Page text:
I would whole-heartedly recommend Status Anxiety to anyone and everyone. It’s such a good eye opener and thought provoker. It doesn’t have all of the answers, or anything that’s particularly ground-breaking, but I think that’s its power. It’s easy to relate to and use as a platform to start reconsidering your own thought process. Plus, despite being a philosophical text it is surprisingly accessible and easy to work your way through – I think it took me a little over a week to finish just reading it in my lunch breaks.

SOME QUESTIONS TO PONDER AS YOU READ

  • Do any of the anxieties and principles suggested in the book affect you? If so how aware of them were you?
  • To what extent do you think that status anxiety can be diminished or eradicated? Have you done it?
  • How do you think social media has affected our perception of status, and thus our feelings of status anxiety?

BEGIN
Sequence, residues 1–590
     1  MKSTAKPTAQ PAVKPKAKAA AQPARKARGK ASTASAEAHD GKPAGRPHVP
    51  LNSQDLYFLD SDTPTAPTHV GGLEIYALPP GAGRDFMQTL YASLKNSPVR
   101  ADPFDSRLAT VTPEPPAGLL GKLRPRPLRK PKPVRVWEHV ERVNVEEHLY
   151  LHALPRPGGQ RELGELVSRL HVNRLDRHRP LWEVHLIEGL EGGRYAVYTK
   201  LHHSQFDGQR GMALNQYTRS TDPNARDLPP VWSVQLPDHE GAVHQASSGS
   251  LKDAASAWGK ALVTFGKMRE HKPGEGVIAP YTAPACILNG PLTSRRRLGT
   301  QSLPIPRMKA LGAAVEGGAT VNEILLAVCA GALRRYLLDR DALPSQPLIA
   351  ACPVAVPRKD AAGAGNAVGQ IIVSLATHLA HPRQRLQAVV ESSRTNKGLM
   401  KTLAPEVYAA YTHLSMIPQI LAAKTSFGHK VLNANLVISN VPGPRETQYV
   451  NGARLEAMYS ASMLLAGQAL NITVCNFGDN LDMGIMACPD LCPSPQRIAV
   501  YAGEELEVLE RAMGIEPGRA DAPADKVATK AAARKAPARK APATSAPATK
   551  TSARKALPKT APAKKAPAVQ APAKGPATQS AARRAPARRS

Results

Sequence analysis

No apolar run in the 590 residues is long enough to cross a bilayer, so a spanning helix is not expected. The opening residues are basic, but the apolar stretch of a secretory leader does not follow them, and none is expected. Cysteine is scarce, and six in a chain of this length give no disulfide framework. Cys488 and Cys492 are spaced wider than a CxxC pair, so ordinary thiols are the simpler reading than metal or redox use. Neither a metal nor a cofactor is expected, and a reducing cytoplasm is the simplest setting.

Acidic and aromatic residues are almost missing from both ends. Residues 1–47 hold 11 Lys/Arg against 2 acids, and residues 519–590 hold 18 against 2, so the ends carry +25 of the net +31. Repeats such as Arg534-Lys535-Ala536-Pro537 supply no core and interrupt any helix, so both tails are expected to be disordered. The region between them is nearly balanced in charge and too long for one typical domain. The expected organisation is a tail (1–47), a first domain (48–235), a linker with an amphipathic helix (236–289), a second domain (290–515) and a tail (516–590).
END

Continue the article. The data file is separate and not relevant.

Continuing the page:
IF YOU WANT SOME FURTHER READING TRY…

IF YOU WANT MORE BOOKS LIKE THIS HAVE A LOOK AT…

Other books (this list is a little short because I need to read some more to be able to recommend things to you confidently – please add to this in the comments, and I’ll amend the list!)

Why not use Status Anxiety themed bookmark I designed to keep your place as you read? You can print and download it for free here.

As ever, let me know if you’ve read Status Anxiety, or if you have any recommendations for what I should be reading next.